Morgan Stanley’s Wilson Says US Midterms Set to Fuel Stock Rally
(Bloomberg) — Investors should stay bullish on equities ahead of this week’s US midterm elections, according to Morgan Stanley’s Michael Wilson, the top-ranked strategist who correctly predicted this year’s slump in stocks.
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Polls pointing to Republicans winning at least one chamber of Congress provide a potential catalyst for lower bond yields and higher equity prices, which would be enough to keep the bear-market rally going, Wilson wrote in a note Monday.
Americans head to the polls on Tuesday to decide control of both chambers of Congress, the governorship in 36 states, and countless other local races and ballot initiatives. A “clean sweep” by the Republicans could greatly increase the chance of fiscal spending being frozen and historically high budget deficits being reduced, fueling a rally in 10-year Treasuries that can keep the equity market rising, Wilson said.
This week is also significant for markets as a US consumer-price index reading on Thursday will show if Federal Reserve rate hikes are cooling inflation. The central bank increased rates by 75 basis points for a fourth time in a row last week and Chair Jerome Powell said the cost of borrowing will be higher than previously expected. That put a spanner in the works of the recent rally, with the S&P 500 Index posting its worst week since September.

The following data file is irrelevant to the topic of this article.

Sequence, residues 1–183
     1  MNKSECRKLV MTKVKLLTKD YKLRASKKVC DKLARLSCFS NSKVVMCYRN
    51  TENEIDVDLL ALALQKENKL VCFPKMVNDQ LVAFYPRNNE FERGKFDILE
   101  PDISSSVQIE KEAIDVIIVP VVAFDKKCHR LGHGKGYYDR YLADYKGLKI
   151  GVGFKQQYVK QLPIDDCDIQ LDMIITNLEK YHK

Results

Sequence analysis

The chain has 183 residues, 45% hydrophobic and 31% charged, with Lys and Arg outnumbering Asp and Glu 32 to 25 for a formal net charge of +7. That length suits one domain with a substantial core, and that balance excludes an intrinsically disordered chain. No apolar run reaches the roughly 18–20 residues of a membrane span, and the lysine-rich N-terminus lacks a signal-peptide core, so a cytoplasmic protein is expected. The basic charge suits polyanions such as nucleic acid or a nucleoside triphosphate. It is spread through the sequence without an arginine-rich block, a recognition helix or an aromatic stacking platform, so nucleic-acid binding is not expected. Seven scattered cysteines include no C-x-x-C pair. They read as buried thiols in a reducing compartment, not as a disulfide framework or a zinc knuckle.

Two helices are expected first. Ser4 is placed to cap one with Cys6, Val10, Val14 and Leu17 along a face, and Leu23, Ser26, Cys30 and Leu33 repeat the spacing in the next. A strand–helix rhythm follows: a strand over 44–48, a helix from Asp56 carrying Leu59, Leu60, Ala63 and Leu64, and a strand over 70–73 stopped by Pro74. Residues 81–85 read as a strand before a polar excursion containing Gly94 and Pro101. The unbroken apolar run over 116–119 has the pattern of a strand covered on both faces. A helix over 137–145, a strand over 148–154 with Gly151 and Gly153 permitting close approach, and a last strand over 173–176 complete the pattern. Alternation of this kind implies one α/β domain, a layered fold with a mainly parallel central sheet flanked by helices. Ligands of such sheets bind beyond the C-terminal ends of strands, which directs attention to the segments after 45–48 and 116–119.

Wilson and his team said short-term volatility should be expected ahead of the midterm results, especially given anxiety around the consumer prices release.
Still, they have a tactically bullish stance on equities, saying rate volatility can come down further.
JPMorgan Chase & Co. strategists also have a bullish outlook on stocks against the backdrop of a potential peaking in bond yields, “very downbeat” sentiment and positioning and good seasonal factors, they wrote in a note on Monday.
For the S&P 500 to reach Morgan Stanley’s upside targets of 4,000 to 4,150 — a rally of as much as 10% from the last close — “we need to see back-end rate levels begin to fall, too,” Wilson wrote.
The strategists use 3,625 to 3,650 as their stop-loss level for the S&P 500. They also said clients should consider exiting bullish trades if the 10-year Treasury yield makes new highs at 4.35%, which would reduce the odds of the S&P 500 reaching 3,950 considerably.
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